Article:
Introduction to Robotics/Robotics and BoeBots/Assignment/Teachers
Part 1[edit | edit source]
- How would would you teach a computer to make a sandwich?
- Here is an example of a list of instructions:
- Find Peanut Butter
- Open Peanut Butter
- Find Bread
- Open Bread
- Take two slices of bread out of bag
- Lay 2 slices of bread on a plate
- Spread peanut butter on one slice of bread
- Find Jelly
- Open Jelly
- Spread Jelly on other slice of bread
- Put slices of bread together so that the peanut butter and the jelly are pressed together
- Cut sandwich in half
What's the Point?[edit | edit source]
Some students are bound to ask "What's the point of this assignment?"
Like many things in science and engineering, the best way to learn a topic is through thought exercises and metaphores. Students need to get in the habit of thinking of problems in terms of small bite-sized chunks. If a student cannot explain how to make a simple sandwich (which they have probably been doing for years) then how are they going to explain complicated actions to a robot?
Grading[edit | edit source]
Everybodies list will be different, and there is no single correct answer. Student's whose lists are short (fewer then 6 instructions) probably didn't put enough effort into the assignment.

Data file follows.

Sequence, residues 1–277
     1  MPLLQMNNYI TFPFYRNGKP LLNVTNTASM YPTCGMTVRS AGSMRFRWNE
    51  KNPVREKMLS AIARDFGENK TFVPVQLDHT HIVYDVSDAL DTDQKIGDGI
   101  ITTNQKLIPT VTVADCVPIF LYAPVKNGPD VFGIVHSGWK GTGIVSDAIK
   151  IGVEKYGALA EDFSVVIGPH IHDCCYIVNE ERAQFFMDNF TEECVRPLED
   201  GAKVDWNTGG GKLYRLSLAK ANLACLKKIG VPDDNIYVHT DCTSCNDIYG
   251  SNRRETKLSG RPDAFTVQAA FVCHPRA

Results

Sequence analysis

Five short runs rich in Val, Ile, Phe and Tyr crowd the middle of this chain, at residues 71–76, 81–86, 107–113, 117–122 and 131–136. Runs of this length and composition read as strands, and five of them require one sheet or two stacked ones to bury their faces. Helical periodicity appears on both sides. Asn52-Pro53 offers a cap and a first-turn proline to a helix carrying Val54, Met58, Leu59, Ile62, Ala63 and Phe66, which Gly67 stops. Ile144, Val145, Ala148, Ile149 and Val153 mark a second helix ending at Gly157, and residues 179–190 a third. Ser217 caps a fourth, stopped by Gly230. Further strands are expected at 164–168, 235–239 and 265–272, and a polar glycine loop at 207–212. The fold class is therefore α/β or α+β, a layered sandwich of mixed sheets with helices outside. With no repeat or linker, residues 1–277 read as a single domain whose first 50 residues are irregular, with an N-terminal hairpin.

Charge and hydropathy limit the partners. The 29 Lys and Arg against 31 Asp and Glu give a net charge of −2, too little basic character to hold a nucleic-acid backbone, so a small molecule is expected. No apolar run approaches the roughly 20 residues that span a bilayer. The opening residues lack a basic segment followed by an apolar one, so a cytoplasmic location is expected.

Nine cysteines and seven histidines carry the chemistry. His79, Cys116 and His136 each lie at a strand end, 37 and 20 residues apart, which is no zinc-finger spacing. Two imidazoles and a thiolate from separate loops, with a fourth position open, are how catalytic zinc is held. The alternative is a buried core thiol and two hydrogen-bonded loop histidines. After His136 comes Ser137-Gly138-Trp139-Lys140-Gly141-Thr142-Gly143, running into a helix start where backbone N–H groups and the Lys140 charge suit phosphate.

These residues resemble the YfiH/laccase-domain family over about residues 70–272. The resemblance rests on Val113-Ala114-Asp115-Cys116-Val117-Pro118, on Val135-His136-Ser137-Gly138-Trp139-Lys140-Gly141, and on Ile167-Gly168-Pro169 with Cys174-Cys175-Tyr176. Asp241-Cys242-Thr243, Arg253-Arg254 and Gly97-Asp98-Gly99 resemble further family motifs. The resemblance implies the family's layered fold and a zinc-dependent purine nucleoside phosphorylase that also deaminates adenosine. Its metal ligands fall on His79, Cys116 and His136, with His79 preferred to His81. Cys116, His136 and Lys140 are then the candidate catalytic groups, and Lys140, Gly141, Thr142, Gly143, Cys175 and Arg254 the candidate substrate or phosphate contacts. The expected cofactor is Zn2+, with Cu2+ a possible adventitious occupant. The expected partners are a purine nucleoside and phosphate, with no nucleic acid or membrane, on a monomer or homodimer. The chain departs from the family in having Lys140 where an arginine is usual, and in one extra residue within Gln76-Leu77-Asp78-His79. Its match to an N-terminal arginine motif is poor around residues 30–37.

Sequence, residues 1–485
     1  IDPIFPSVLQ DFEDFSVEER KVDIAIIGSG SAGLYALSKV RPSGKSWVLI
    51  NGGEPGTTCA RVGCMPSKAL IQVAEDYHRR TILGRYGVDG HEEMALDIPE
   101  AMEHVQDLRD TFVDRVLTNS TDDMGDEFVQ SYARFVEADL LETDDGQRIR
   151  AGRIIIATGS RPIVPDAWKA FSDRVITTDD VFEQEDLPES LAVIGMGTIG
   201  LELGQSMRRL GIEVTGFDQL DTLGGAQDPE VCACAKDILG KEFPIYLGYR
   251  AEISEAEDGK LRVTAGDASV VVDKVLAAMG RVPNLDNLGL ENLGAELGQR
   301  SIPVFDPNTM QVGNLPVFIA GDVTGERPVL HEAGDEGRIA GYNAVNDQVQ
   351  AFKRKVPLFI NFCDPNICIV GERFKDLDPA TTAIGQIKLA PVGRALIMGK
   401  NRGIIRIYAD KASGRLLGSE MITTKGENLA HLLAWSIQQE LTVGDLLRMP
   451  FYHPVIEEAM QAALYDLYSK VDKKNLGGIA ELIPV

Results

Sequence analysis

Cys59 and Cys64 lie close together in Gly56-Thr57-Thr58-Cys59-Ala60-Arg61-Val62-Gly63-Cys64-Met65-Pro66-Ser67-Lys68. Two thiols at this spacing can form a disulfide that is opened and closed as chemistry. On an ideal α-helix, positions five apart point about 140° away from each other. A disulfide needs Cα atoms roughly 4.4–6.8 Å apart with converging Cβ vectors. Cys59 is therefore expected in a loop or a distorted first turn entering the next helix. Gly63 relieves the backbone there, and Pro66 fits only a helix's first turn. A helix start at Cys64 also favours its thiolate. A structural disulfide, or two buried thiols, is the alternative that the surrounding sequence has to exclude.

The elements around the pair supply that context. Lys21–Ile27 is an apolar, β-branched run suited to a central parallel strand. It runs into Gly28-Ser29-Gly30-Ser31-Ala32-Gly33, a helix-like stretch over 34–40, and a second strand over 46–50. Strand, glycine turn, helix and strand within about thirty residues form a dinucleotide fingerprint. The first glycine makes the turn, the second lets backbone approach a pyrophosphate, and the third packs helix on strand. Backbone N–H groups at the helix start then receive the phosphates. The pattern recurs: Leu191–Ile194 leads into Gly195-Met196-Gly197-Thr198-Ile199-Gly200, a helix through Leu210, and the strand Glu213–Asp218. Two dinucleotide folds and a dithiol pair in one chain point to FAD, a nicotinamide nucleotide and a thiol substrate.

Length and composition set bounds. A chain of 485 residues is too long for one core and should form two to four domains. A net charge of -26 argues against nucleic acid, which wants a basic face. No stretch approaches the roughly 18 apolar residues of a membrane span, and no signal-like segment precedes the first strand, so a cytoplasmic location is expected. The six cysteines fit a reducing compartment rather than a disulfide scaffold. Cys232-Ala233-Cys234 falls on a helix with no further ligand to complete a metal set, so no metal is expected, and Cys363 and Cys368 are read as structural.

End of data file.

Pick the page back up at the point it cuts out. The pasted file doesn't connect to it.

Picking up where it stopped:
Some students may come up with very long sets of instructions, or very detailed instructions as well.
The Answers[edit | edit source]
One of the best ways to present the answers to this question is to let the class figure it out together as a group. Start by asking "What do I do first?" and then "What do I do next?"
If a student gives you an answer that is too complicated, say "That's too big, break it down into smaller parts" or ask "How do I do that in simple steps?" By the time you get through the whole process, the class will understand the concept better. Try to call on all the students, or at least avoid calling on any one student too many times.
Part 2[edit | edit source]
- All three of these examples are considered to be parts of robotics.
- Some of these points can be argued, but in general, a robot must have autonomy or resourcefulness.
- A spam email filter. not a robot
- A garage door opener. not a robot
- A remote controlled boat. a robot
- A 1970's automobile. not a robot
- A current model automobile which includes lane-following. a robot
- An Apple IPod. not a robot
- An actor in in a silver suit. not a robot
Part 3[edit | edit source]
There are many types of robots. Here is a partial list:
- Androids (looks like a human, currently used mostly for research)
- Stationary/Industrial (for manufacturing)
- Ground Robots (used for autonomous exploration or movement, such as the Mars Rover)
- Underwater (Unmanned Underwater Vehicles, can go places humans cannot)
- Aerial (Unmanned Aerial Vehicles, can go places humans cannot)
- Microgravity (Robots designed to work in space, or in low-gravity places, such as the moon)
- Machine Pet